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Niagara on the Lake, Ontario, Canada
My virtue is that I say what I think, my vice that what I think doesn't amount to much.

Wednesday, February 25, 2015

The Frozen Thames

In its long history, the river Thames has frozen solid forty times. These are the stories of that frozen river.
Helen Humphreys creates a brief vignette for each of these occurrences. The river is the central character woven into stories over a seven century timeline. The stories are based on actual events. In
1142 Queen Matilda is forced to flee her besieged castle across the frozen Thames in a snowstorm.  Some years Frost Fairs were held; entire villages were erected on the ice complete with coffee houses and taverns and even a printing press where a person could get a card with their name printed on it as a souvenir of their visit to the frozen river. Lovers find each other on the ice during the plague years, one showing symptoms of the Black Death; nonetheless they embrace. Birds fall frozen from the skies and people bring them into their homes where they nest until clement weather returns. In 1809 a young man rescued 27 rooks, 90 larks, a pheasant and a buzzard hawk by holding them in his hands and breathing on them one by one.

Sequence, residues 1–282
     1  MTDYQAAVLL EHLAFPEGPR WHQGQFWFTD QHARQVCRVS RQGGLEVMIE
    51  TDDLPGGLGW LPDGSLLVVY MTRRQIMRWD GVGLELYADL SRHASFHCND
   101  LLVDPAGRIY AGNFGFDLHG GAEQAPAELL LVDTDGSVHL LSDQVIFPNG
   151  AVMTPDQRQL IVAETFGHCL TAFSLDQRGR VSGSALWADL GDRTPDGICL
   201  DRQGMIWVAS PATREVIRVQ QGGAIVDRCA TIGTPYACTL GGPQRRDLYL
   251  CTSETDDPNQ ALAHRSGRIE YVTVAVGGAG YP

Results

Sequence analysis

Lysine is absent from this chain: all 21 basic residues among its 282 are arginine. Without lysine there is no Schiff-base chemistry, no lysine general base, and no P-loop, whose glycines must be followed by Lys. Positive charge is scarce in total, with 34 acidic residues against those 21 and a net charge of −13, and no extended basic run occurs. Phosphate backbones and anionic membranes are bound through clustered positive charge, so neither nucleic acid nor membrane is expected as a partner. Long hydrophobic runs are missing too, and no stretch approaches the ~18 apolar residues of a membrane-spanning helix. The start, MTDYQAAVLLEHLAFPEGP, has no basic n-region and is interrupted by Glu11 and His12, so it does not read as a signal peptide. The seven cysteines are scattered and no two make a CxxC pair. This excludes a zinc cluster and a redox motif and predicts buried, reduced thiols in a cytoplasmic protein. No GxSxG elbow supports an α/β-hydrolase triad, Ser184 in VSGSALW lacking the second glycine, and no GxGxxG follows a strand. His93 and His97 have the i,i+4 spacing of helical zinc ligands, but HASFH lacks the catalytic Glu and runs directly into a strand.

The book itself is a charming little volume with lovely illustrations on glossy paper. I read it in the midst of the coldest Canadian winter I have experienced and the numbing cold Humphreys documents resonated with me. It is understated with not a wasted word and I found it to be a poignant and exquisite reading experience.

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